It depends on the circumstances. Assets left to your spouse (if he or she is a U.S. citizen) or any charitable organization will not be subject to estate tax. Assets left to anyone else — even your children — will be taxed if that portion of the estate (including gifts made during lifetime) totals more than the lifetime gift and estate tax exemption (which is $11.4 million in 2019). For estates that approach or exceed this amount, significant estate taxes can be saved by proper estate planning before your death or, for couples, before one of you dies.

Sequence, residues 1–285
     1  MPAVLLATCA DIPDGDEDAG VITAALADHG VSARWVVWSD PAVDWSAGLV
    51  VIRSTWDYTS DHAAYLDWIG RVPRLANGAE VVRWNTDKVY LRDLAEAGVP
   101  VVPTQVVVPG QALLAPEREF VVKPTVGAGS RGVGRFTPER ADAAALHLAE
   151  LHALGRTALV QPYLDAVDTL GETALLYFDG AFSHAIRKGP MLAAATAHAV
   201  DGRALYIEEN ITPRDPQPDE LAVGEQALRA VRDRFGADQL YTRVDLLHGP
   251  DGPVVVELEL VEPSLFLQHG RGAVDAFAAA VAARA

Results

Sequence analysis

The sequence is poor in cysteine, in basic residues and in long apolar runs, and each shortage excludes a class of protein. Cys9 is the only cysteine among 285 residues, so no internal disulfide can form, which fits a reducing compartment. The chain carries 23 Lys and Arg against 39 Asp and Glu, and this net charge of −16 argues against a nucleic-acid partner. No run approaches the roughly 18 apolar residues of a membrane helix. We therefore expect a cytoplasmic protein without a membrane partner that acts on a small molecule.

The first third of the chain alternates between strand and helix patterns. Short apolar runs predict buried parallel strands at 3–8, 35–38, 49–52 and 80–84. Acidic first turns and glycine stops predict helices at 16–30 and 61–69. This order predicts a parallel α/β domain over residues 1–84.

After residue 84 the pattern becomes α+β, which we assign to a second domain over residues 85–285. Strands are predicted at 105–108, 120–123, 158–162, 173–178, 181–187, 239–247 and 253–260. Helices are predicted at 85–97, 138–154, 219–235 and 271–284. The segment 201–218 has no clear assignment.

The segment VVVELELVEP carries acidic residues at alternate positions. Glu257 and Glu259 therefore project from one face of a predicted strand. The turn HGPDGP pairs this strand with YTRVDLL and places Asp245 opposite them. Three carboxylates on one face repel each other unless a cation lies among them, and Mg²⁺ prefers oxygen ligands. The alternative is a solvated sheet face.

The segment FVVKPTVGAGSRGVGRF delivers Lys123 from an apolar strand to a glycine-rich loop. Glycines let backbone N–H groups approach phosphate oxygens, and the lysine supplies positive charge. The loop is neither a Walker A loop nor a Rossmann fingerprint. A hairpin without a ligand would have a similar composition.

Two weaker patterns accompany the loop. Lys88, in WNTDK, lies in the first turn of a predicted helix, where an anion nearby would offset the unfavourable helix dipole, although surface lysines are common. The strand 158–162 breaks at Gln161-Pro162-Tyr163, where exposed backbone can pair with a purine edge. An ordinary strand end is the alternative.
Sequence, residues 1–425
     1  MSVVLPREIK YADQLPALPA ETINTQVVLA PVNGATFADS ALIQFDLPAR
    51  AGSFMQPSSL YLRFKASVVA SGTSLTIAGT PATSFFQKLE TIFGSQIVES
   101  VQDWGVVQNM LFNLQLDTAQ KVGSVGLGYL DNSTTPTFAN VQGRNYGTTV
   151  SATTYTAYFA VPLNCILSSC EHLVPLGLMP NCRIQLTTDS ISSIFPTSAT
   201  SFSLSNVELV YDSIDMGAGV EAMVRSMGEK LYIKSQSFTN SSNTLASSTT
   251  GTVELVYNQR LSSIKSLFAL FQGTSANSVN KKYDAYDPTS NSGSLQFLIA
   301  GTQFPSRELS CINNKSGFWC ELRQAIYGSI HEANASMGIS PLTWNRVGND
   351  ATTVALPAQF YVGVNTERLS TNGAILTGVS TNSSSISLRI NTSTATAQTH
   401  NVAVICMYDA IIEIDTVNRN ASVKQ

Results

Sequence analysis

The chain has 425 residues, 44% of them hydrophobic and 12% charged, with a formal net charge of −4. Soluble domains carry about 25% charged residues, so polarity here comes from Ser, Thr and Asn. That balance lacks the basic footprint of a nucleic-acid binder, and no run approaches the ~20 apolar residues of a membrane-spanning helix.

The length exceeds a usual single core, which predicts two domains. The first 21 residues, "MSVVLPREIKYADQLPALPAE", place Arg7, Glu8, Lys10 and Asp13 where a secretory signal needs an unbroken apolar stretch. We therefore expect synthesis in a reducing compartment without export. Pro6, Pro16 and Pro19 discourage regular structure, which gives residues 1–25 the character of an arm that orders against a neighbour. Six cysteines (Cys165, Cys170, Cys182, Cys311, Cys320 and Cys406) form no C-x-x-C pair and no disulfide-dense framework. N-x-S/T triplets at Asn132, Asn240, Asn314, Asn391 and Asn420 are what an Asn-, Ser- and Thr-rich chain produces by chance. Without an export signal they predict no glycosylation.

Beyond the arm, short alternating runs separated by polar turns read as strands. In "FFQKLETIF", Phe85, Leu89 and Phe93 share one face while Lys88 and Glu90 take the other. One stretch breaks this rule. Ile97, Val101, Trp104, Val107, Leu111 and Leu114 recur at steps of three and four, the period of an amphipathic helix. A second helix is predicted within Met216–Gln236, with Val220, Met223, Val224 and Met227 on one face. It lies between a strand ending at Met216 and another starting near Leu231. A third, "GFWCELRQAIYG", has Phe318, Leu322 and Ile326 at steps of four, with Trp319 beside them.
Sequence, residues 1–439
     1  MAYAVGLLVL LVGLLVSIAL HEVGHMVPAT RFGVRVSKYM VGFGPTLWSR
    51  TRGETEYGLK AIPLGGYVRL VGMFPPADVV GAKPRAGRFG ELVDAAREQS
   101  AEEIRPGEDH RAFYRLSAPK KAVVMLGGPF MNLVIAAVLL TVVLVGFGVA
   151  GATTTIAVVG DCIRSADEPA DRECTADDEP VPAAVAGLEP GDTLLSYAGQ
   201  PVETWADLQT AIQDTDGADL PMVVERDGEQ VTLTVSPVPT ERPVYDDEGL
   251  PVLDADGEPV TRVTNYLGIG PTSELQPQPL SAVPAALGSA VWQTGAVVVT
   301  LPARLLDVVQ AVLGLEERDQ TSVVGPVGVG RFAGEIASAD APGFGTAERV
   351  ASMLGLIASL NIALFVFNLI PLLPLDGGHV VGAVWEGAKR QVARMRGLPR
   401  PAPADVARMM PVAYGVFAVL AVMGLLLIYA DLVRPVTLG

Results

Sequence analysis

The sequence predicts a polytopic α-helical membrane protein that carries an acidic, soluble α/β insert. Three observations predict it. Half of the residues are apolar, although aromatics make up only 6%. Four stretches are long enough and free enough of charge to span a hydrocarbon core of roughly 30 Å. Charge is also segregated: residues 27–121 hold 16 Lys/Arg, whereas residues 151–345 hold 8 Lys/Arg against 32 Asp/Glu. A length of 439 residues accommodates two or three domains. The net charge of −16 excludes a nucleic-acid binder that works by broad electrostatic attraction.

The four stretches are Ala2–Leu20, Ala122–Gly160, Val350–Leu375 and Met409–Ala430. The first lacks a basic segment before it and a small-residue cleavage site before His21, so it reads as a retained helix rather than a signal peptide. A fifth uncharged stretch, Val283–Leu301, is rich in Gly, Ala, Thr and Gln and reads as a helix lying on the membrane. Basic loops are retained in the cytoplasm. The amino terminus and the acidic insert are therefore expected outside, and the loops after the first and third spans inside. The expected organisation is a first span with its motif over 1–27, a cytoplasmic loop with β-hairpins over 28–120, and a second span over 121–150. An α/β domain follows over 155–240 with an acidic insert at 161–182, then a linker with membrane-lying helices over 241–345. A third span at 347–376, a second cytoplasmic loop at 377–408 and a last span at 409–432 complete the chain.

In addition, while you are living, you can give away as much as $15,000 a year to each of your children or to anyone else without incurring gift tax. (This annual gift tax exclusion amount is also indexed for inflation.) You could also pay your grandchild’s college tuition or medical insurance premiums (or anyone’s tuition or medical bills, for that matter) free of gift tax — but only if the payments are made directly to the educational institution or medical provider. Gifts in excess of the annual exclusion amount reduce ones “estate tax exemption” and should be reported to the IRS. Keep in mind that tax laws often change. Estate planning for tax purposes must take into account not only estate and gift taxes, but also income, capital gains, property and generation skipping taxes as well. Qualified legal advice about taxes and current tax law should be obtained from a competent lawyer during the estate planning process.
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